Another cursory scan of her surroundings did not reveal the presence of her personal effects, which led her to wonder if anyone had found them in that black ops base. It wasn’t such a big deal to replace her driver’s license or voter registration card, but she despised the thought of dealing with her bank and credit cards.

Since she was a shifter now, would she have to move to one of the shifter territories? What would happen to her job? Burke reached behind her and pulled the sheet and blanket around her as she tried to organize everything in her mind. After chasing that rainbow for several moments, she realized that she had no way of knowing just what would change in her life now. She didn’t like that. She didn’t like not knowing. She didn’t like not being in control.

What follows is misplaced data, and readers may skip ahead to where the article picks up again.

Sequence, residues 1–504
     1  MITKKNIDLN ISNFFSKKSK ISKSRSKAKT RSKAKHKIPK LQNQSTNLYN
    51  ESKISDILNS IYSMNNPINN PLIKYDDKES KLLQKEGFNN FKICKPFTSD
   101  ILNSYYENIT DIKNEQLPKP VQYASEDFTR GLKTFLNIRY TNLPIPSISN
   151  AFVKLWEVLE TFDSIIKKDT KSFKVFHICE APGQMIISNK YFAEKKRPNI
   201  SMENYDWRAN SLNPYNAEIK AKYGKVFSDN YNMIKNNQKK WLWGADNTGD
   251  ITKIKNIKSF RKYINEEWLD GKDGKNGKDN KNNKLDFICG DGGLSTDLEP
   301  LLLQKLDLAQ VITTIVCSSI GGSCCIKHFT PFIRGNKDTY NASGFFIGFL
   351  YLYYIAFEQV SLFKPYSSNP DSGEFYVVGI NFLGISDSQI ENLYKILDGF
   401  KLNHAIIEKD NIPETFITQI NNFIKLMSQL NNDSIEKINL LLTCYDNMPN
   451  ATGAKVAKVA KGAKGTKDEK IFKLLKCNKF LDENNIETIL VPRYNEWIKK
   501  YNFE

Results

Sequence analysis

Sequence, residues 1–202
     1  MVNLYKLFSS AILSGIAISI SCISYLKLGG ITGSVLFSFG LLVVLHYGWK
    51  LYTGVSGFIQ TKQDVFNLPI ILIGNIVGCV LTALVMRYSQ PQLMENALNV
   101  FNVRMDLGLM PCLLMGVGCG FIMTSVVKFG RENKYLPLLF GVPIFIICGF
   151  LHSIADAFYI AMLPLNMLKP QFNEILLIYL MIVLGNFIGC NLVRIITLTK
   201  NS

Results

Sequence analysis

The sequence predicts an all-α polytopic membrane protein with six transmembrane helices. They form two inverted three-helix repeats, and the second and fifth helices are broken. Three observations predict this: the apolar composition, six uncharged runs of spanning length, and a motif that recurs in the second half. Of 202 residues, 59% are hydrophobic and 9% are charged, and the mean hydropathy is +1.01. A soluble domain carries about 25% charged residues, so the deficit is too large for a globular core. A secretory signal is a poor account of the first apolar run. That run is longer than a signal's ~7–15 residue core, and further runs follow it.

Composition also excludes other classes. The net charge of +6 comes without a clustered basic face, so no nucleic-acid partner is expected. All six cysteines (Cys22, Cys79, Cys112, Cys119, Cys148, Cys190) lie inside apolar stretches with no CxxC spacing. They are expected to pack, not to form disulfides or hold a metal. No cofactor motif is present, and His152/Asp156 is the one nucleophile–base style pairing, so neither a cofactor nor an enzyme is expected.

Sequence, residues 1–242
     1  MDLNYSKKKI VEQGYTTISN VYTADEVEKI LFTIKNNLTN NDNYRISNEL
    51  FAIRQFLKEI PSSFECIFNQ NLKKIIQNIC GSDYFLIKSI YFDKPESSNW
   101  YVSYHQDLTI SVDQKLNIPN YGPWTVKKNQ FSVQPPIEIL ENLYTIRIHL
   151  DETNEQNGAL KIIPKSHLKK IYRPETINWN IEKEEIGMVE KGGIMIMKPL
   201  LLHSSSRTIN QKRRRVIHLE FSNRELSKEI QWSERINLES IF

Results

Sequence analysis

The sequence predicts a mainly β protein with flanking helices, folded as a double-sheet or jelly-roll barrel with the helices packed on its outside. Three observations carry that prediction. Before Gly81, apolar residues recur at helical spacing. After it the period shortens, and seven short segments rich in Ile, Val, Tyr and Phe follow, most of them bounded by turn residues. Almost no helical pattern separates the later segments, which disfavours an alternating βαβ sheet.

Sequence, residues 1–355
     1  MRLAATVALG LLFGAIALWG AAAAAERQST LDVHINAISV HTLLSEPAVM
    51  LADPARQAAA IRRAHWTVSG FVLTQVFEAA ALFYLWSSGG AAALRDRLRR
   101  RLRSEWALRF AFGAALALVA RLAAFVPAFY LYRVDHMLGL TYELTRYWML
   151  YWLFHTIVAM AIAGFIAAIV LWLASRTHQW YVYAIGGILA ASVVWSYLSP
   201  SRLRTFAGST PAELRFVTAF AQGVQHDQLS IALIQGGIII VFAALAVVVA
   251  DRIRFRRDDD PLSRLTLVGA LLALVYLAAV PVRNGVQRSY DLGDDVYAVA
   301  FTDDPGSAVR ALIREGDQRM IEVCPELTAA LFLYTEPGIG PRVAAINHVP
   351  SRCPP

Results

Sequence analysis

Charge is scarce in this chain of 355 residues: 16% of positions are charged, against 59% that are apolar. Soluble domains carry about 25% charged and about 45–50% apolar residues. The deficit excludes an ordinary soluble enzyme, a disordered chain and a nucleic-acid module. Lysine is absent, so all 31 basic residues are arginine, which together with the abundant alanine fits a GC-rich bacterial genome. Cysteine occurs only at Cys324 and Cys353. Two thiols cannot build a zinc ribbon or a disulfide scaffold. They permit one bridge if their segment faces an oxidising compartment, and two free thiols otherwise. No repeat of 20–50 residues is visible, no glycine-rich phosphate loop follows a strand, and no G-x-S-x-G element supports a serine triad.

While she ruminated on her new situation, she heard automatic doors swoosh again, followed by almost running footfalls. Before Burke fully lifted her head, Winnifred Hauser charged through the open curtain and almost leaped to enfold her in a hug.

I was so worried, Hauser whispered.

Burke felt like her friend’s primary goal was to compress her ribs until they would fit inside a soup can, but she didn’t mind. Not yet, at least. They had become very close during the time they spent as prisoners of the black ops organization.

It seemed like they had only just begun to hug when the automatic doors swooshed again, and soon Wyatt stood at the curtain’s perimeter. He smiled at seeing them hugging each other, and he moved to lean against the wall to wait them out.